PKHD1-related autosomal recessive polycystic kidney disease
What is PKHD1-related Autosomal Recessive Polycystic Kidney Disease?
PKHD1-related autosomal recessive polycystic kidney disease (ARPKD) is an inherited disease in which clusters of fluid-filled sacs (cysts) form in the kidneys, often leading to kidney failure by the age of 10 and a reduced lifespan. According to studies, between 23 and 30% of infants with ARPKD die hours or days after birth due to breathing difficulties.
The majority of infants with ARPKD show enlarged, cyst-filled kidneys within the first month of life. These cysts will impair the kidneys’ ability to filter waste from the body. About 50% of infants with the disease will also have an enlarged liver. These anomalies are often detectable through ultrasound before the child is born. More than half of children will develop kidney failure by the age of 10. Without dialysis or transplantation, the disease is often fatal.
A minority of people with ARPKD do not show symptoms of the disease until later in childhood or early in adulthood, with liver disease being the dominant symptom. In these people, the kidney disease is often mild.
Extremely high blood pressure is common in people with ARPKD. They are also prone to urinary tract infections, frequent urination, low blood cell counts, pain in the back or the sides, varicose veins, and hemorrhoids. Many are also smaller than normal in stature.
How common is PKHD1-related Autosomal Recessive Polycystic Kidney Disease?
ARPKD affects 1 in every 20,000 to 40,000 infants. However, the disease may actually be more common since people with milder forms of the disease may not be diagnosed without genetic testing. About 1 in 70 U.S. adults is thought to be a carrier of ARPKD.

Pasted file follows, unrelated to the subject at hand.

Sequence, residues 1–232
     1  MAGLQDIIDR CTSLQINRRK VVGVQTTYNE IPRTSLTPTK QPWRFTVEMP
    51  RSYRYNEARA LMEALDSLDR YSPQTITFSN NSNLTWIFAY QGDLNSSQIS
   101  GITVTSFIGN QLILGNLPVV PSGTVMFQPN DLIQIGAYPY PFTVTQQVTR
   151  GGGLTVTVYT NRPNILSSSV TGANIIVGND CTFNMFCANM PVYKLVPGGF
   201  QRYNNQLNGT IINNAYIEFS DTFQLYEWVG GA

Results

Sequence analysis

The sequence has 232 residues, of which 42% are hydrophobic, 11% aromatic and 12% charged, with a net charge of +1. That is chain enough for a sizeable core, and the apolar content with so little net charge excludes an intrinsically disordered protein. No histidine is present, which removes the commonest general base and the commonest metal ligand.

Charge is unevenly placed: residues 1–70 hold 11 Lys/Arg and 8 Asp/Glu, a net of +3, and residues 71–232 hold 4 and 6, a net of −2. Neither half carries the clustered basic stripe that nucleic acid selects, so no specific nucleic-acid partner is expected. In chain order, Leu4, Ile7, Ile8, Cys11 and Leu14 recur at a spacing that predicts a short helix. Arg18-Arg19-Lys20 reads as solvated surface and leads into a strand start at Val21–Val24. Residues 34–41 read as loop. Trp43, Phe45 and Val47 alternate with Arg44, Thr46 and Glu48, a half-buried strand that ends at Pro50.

How is PKHD1-related Autosomal Recessive Polycystic Kidney Disease treated?
The initial concern with infants who have ARPKD is to protect their ability to breathe. Eating a nutritious diet can help the child’s growth, and in some cases, growth hormones are recommended. Infants and children may require feeding tubes in order to ensure proper growth.
If faced with kidney failure, people with ARPKD frequently undergo dialysis (a “cleansing” of the blood through a machine that remove wastes) or kidney transplants. If the liver is extremely damaged, transplantation of this organ may also be recommended. Some people with ARPKD must undergo dialysis or a kidney transplant while they are still in infancy.
In all people with ARPKD, medications can lower blood pressure and clear up urinary tract infections.
What is the prognosis for a person with PKHD1-related Autosomal Recessive Polycystic Kidney Disease?
Between 20 and 30% of infants with ARPKD die hours or days after birth due to breathing difficulties. Of those who survive infancy, about 85% survive their first year of life, 82% survive to age 10, and 73% live past the age of 15. In one study, 58% of individuals required dialysis or kidney transplantation by age 20.
As transplantation methods improve, it is expected that people with ARPKD will live longer lives.